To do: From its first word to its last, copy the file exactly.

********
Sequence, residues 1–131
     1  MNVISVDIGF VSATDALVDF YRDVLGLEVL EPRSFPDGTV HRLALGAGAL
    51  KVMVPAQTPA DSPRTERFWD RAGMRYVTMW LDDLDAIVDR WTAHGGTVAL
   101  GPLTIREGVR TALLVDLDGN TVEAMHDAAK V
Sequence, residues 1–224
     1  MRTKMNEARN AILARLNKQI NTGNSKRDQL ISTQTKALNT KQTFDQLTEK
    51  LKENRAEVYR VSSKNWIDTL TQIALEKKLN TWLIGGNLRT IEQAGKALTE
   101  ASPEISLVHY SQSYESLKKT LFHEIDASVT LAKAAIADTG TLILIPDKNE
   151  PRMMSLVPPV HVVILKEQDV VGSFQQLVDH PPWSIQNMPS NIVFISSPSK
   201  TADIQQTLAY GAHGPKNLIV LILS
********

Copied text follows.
Sequence, residues 1–131
     1  MNVISVDIGF VSATDALVDF YRDVLGLEVL EPRSFPDGTV HRLALGAGAL
    51  KVMVPAQTPA DSPRTERFWD RAGMRYVTMW LDDLDAIVDR WTAHGGTVAL
   101  GPLTIREGVR TALLVDLDGN TVEAMHDAAK V
Sequence, residues 1–224
     1  MRTKMNEARN AILARLNKQI NTGNSKRDQL ISTQTKALNT KQTFDQLTEK
    51  LKENRAEVYR VSSKNWIDTL TQIALEKKLN TWLIGGNLRT IEQAGKALTE
   101  ASPEISLVHY SQSYESLKKT LFHEIDASVT LAKAAIADTG TLILIPDKNE
   151  PRMMSLVPPV HVVILKEQDV VGSFQQLVDH PPWSIQNMPS NIVFISSPSK
   201  TADIQQTLAY GAHGPKNLIV LILS